29/03/2013 at 22:55

Running my fourth marathon (VLM) on 21 April .... however due to injuries, weather etc. training hasn't been going too well, probably about 3 weeks behind my schedule. I've done one 20 miler (Ashby 20) two weeks ago, still got niggly injuries but able to run, however don't think I'll be able to fit in another 20 miler.

 

Do you think one 20 miler is enough? and also being two weeks ago is it too far away from marathon (five weeks). I usually aim for at least 2x 20 miles. thanks

 

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29/03/2013 at 23:17
I've only managed 19 miles as my max 2 weeks ago. Slight knee niggle made me cut my planned 21 last week to 14. Not been running since sat, but lots of cycling. What do people recommend for last 3 weeks of training, should I attempt a 21 mile LSR this weekend or focus on shorter distances?
29/03/2013 at 23:37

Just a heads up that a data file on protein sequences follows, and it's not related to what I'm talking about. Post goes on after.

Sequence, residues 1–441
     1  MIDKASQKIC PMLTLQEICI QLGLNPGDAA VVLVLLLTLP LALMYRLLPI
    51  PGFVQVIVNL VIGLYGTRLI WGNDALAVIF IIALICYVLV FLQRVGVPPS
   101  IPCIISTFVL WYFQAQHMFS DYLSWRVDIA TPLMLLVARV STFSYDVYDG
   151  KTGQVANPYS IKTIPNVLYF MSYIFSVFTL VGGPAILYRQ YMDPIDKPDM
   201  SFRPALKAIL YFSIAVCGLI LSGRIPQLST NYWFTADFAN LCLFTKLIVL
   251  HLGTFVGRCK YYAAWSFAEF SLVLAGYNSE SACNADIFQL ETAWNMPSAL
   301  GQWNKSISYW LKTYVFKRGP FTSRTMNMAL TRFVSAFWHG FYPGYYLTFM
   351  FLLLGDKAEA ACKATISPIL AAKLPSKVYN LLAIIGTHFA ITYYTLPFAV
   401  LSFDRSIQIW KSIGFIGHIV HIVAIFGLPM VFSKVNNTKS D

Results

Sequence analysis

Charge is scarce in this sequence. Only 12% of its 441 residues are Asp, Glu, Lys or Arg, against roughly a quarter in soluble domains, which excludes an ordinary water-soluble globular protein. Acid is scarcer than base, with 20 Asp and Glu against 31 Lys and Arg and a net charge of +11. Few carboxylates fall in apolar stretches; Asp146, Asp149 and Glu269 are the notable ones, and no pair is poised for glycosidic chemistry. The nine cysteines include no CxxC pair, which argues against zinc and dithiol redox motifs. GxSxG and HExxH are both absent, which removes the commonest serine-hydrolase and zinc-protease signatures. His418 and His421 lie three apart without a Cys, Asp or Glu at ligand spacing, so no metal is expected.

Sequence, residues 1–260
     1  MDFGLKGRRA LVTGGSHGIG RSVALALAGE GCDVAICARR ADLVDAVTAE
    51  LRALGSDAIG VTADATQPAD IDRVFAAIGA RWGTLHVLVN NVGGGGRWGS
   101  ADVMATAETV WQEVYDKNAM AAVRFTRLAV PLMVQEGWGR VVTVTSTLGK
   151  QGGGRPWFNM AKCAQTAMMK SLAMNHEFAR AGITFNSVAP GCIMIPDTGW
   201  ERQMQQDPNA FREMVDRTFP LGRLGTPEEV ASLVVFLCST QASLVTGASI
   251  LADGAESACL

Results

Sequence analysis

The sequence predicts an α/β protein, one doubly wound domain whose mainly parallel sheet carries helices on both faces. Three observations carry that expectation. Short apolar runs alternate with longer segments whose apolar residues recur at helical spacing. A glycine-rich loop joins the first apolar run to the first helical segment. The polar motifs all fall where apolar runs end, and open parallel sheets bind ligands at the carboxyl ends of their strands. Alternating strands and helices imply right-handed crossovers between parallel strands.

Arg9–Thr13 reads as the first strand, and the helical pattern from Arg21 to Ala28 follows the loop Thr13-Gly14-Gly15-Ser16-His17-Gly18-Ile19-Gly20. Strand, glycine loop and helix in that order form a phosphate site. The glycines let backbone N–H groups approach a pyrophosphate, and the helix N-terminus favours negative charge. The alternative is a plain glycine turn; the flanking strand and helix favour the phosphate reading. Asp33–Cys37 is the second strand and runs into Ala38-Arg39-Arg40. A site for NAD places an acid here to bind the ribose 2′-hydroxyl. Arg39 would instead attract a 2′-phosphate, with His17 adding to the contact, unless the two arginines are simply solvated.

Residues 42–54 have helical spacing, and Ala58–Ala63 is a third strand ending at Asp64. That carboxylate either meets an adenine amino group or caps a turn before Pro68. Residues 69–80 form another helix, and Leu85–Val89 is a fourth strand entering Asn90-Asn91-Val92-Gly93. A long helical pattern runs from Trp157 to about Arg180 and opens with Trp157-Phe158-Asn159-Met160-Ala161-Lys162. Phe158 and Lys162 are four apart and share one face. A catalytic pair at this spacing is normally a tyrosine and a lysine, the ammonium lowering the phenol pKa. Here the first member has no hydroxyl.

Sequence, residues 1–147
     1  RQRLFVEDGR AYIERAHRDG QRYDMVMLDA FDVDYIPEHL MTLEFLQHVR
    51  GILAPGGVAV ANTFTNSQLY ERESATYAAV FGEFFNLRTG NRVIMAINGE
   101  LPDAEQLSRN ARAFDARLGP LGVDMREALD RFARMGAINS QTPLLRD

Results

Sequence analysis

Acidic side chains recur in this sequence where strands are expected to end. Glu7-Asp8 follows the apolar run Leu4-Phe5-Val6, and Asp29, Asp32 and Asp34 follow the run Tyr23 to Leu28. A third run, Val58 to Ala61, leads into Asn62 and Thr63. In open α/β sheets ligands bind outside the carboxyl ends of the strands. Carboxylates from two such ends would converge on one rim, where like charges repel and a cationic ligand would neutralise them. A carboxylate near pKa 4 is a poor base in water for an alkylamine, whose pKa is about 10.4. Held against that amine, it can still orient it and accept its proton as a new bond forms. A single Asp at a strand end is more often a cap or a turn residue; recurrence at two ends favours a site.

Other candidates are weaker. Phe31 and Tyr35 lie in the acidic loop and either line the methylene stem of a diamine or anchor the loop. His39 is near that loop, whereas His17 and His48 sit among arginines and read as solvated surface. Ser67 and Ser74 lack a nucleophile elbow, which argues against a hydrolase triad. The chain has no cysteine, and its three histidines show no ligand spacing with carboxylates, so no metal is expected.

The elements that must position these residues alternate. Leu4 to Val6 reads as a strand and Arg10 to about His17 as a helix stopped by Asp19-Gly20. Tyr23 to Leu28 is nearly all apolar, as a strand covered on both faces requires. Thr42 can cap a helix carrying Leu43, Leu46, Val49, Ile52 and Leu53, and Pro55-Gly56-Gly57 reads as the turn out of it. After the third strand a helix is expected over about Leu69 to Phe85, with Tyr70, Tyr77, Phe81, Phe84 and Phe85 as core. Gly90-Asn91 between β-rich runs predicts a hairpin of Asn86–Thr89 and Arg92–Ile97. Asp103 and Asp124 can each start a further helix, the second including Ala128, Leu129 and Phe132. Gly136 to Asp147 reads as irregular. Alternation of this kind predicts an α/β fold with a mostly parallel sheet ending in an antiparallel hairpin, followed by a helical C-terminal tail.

3 weeks out is plenty of time to recover from a 20+ mile run if you are fit, healthy and have trained up towards that distance.

I couldn't tell you if it is enough time if you aggravate a niggle / injury that you are carrying. That is a risk that you will need to weigh up for yourself. I spent 3 - 4 weeks before my last marathon with an injury, wondering if I was going to be healed in time - it made for a long 3 weeks. 

cougie    pirate
29/03/2013 at 23:42
Woody- lets say it is enough. You've done marathons before - so you have miles in your legs. There's nothing you can do about it now anyway - but I'm sure youll get round. I did when I'd just one 20 in my legs on my first one.
29/03/2013 at 23:45
Thanks also ran
I've decided to take it easy and see how I go doing a half next week. I could defer Lonfon but don't really want to. I've hold a charity ill fun for them and font wznt to let them down. Cheers
29/03/2013 at 23:51
Cheers cougie